What’s the ideal resolution for a PC game? Ask most players and they’ll immediately answer, “Whatever your monitor can support.” That’s the obvious solution—after all, it would hardly make sense to render graphics at higher than your equipment can actually output and your eyes can see, right? …Right?
A Quick Primer on Supersampling
Perhaps not. Now that PC game developers have become experts at getting their games to run at 60 frames per second even on middling hardware, and even under-$200 graphics cards are getting ridiculously powerful and efficient, a new technique to make games look better has emerged. It’s called “supersampling,” among other names, and the basic gist is that the game renders its graphics at a resolution above what the monitor can display…then scale it down to your monitor’s native resolution. Various software-only solutions for this have been around for awhile, but now video cards are powerful enough to brute force the technique onto games that don’t natively support it.
The benefit is that you “see” graphics at a much higher level of detail, avoiding some basic pitfalls like aliased polygon edges and lighting artifacts. You’re basically using your GPU’s graphical power to render images at a much higher resolution than your eyes can see on the screen, causing various subtle but pleasing enhancements to the way polygonal edges and lighting effects appear. This can be achieved in other ways with more complex anti-aliasing techniques, but GPUs now have enough juice to dispense with the subtlety and just render things much more sharply behind the scenes. The downside, of course, is that your graphics card has to work harder render super-high-res graphics and then down-sample the image to fit it in your display…which can make the game run below 60 frames per second (or whatever your monitor’s refresh rate is), giving you diminishing returns in terms of visual performance.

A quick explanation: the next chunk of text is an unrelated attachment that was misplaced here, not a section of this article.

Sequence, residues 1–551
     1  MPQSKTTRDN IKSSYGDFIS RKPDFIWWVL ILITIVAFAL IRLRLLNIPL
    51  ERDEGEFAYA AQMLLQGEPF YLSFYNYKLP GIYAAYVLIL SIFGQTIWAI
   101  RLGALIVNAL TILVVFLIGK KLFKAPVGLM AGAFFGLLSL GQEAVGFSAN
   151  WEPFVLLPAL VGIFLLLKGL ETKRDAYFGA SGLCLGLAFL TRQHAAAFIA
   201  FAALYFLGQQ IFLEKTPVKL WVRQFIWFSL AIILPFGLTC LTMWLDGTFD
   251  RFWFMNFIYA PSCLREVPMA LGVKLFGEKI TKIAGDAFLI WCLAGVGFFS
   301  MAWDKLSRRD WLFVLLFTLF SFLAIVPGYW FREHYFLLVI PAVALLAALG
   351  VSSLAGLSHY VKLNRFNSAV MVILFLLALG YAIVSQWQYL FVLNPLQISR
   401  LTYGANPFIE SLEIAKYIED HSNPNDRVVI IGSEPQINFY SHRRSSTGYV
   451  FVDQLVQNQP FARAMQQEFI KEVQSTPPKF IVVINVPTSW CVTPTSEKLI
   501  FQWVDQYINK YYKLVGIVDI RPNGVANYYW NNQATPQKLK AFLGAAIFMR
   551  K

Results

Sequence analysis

Here’s an Overwatch character being rendered with standard, screen-matching resolution on the left and a 200% super sampling technique on the right. Both are displaying at 1080p, the maximum resolution of many standard monitors. But the image on the left is being rendered in the game’s engine at 1080p, while the image on the left is rendering at 4K (3840×2160). Note the smoother, less jagged lines at the edge of rendered objects like Lucio’s googles and the more even transition of shadows and skin tones. And predictably, I observed a significantly lower framerate while the game ran at 200% of its normal resolution, dropping down into the 40s and 30s during complex battle scenes where previously the game ran at a rock-steady 60fps.
The results of…
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